The Royal Newfoundland Regiment - (R NFLD R) traces its origins to 1795, and since 1949 it has been a militia or reserve unit of the Canadian Forces. During the First World War the battalion-sized regiment was the only North American unit to fight in the Gallipoli campaign of 1915. Later in the war the regiment was virtually wiped out at Beaumont Hamel on July 1, 1916, the first day of the Battle of the Somme. Since then July 1 has been marked as Memorial Day in Newfoundland and Labrador.
The regiment was significantly involved in the War of 1812. Soldiers of the regiment fought aboard ships as marines in battles of the Great Lakes, as infantry in Michigan, and in the battle to defend York (Toronto). It was largely distributed throughout the zone as attached sub-units and not as a formed battalion. It was disbanded in 1816.
During the First World War, the Newfoundland Regiment was nicknamed the "Blue Puttees" due to a fabric shortage which saw the regiment wearing blue puttees rather than the standard olive drab puttees.
Despite the terrible conditions, the Newfoundlanders stood up well. When the decision was made to evacuate all British Empire forces from the area, the regiment was chosen to be a part of the rearguard, finally withdrawing from Gallipoli with the last of the British Dardanelles Army troops on January 9, 1916.
The regiment was in one of the follow up waves of what was referred to as "The July Drive" and were scheduled to reinforce what was expected to be sweeping victories across the front. When the time came to move to the jumping-off point, the Newfoundlanders found that the lead trenches were so tightly packed with dead and dying soldiers of the lead waves, who had been stopped by formidable barbed wire obstacles and automatic weapons fire, that they had to attack from secondary trenches. The increased amount of ground they had to cover, in the open, contributed to the disaster that befell them. The Newfoundland Regiment never made it past their own concentrations of barbed wire. Lieutenant-Colonel Arthur Lovell Hadow who witnessed the attack reported that the attack had failed despite training, discipline, and valor, because dead men can advance no further.
On the bloodiest day in the history of the British Army (57,470 casualties, 19,240 dead) at the opening of the largest battle (over one million casualties) of the war, Newfoundland had also suffered its gravest military loss. To this day, Beaumont-Hamel remains the most significant single military action fought by Newfoundlanders, and it marked a turning point in the history and culture of the island. Some historians have suggested that tiny Newfoundland never fully recovered from the loss of so many of its male population; similar hardships were faced by the regiment at Gallipoli as well.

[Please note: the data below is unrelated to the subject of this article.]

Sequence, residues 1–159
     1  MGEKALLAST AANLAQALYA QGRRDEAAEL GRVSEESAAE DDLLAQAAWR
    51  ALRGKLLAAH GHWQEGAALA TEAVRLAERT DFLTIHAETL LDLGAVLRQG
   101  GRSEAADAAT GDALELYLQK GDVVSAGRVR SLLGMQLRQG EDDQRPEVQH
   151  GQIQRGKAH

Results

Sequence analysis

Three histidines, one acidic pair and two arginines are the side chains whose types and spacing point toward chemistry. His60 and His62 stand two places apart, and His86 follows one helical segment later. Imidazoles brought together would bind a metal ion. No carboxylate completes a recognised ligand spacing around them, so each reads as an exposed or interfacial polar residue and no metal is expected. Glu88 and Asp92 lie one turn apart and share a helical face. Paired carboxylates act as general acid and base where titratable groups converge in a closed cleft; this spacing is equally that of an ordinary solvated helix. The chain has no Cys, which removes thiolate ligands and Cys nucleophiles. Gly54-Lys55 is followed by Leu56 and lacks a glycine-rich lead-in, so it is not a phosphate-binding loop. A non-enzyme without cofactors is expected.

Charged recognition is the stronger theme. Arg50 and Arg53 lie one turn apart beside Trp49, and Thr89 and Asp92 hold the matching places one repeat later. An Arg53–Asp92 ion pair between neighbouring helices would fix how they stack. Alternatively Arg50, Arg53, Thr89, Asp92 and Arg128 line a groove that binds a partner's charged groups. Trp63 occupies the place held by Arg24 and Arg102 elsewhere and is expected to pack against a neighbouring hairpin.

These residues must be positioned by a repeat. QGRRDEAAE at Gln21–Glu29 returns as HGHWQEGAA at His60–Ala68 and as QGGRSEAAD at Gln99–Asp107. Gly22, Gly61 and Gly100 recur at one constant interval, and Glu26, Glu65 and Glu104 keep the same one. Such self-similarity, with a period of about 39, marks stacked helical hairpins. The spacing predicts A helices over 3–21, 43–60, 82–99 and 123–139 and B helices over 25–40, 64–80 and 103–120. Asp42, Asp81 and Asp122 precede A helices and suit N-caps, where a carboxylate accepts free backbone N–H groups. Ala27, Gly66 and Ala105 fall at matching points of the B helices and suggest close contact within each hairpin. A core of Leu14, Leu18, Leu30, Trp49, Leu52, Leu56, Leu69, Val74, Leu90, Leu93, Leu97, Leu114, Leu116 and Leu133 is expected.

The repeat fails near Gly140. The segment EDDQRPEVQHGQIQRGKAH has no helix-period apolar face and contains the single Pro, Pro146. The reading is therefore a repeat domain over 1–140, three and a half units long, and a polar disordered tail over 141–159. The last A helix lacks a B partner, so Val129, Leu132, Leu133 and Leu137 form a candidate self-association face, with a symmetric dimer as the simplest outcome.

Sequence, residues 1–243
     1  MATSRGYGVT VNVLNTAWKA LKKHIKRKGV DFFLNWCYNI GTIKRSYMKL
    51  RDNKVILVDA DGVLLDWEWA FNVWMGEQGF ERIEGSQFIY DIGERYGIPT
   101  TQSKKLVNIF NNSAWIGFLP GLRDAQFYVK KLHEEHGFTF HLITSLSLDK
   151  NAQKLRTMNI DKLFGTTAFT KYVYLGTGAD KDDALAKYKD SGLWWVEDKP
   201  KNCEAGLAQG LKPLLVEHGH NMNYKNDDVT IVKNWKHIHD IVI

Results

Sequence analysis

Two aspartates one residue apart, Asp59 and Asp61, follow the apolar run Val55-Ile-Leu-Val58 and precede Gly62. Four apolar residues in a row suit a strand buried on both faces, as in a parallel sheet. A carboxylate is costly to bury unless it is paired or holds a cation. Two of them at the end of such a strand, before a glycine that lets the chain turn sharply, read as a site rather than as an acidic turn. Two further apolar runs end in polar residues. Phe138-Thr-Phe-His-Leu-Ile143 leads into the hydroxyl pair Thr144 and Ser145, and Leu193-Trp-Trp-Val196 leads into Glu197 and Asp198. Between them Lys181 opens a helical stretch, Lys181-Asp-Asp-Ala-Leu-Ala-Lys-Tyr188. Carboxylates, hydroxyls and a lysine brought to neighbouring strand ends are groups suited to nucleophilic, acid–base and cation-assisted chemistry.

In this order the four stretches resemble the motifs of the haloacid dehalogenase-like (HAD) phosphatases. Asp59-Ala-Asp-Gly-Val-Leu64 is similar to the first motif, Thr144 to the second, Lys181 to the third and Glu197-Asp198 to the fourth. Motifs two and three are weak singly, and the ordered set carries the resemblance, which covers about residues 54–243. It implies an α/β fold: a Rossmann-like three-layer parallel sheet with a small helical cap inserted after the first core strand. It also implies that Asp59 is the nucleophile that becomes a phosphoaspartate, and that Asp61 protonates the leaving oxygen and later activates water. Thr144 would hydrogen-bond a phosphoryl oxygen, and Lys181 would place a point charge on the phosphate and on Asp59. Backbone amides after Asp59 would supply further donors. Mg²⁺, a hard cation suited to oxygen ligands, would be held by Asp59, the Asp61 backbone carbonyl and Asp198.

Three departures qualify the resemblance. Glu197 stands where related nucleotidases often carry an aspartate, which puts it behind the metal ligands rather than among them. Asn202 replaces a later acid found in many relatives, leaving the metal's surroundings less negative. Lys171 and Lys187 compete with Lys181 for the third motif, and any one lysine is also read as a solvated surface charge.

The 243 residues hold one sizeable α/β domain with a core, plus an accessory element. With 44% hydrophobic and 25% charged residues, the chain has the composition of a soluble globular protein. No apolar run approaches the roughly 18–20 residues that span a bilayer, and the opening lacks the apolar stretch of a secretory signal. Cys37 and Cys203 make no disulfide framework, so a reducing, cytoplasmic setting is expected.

In the weeks and months following the attack, as the surviving officers wrote letters of condolence to families and relatives in Newfoundland, the Battalion was steadily brought back to full strength. Six weeks later they were beating off a German gas attack in Flanders. Subsequently they distinguished themselves in a number of battles; back on the Somme at Gueudecourt in October 1916; on 23 April 1917, at Monchy-le-Preux during the Battle of Arras, where they lost 485 men in a day but checked a German attack despite overwhelming odds; then in November 1917 at Masnières-Marcoing during the Battle of Cambrai where they heroically stood their ground although outflanked; then at Bailleul stemming the German advance in April 1918. Following a period out of the line providing the guard force for General Headquarters at Montreuil, they joined the 28th Brigade of the 9th (Scottish) Division and were in action again at Ledegem and beyond in the advances of the Last Hundred Days. It was in these last days of the war that Pte. Thomas Ricketts of the Regiment became the youngest soldier of the war to win the Victoria Cross. In recognition of their achievements the Newfoundlanders were regarded as being an elite battalion.
In late 1917, following the Battle of Cambrai, the regiment was granted the "Royal" prefix by King George V, making it the only regiment of the British Empire to receive that honour during the war itself and only the third time in the history of the British Army that it has been given during a state of war.
When World War II began, as Dominion governed directly from the UK, Newfoundland declared war a day after the United Kingdom, on September 4, 1939. However no Newfoundland infantry units were sent overseas. Instead, it raised two artillery regiments; the 59 Heavy (Newfoundland) Regiment and the 57 (later 166)(Newfoundland) Field Artillery Regiment. These units saw service in Africa, Italy, and Europe.
In 1949, after a pair of referenda, Newfoundland joined Canada as the latter's 10th province. The Royal Newfoundland Regiment became the primary militia unit for the province. The regiment is ranked last in the order of precedence of Canadian infantry regiments due to Newfoundland's entry into Canada in 1949, long after other Canadian regiments were recognized in the order of precedence.
"It was a magnificent display of trained and disciplined valour, and its assault only failed of success because dead men can advance no further." Major-General Sir Beauvoir de Lisle (commander, British 29th Division) regarding the Newfoundland Regiment at Beaumont-Hamel.
"Thank God, my left flank is safe! Now for my right." Brigadier General Bernard Freyberg, VC (commander British 88th Brigade), at the Battle of Ledeghem, September, 1918, upon learning that the Newfoundland Regiment held his left flank.
VAC/90th Anniversary of the Battle of the Somme at Beaumont-Hamel Commemorated: Tribute paid to members of the Royal Newfoundland Regiment
Jul 01, 2006; BEAUMONT-HAMEL, FRANCECCNMatthews - July 1, 2006) - A Ceremony of Remembrance was held today at the Beaumont-Hamel Newfoundland...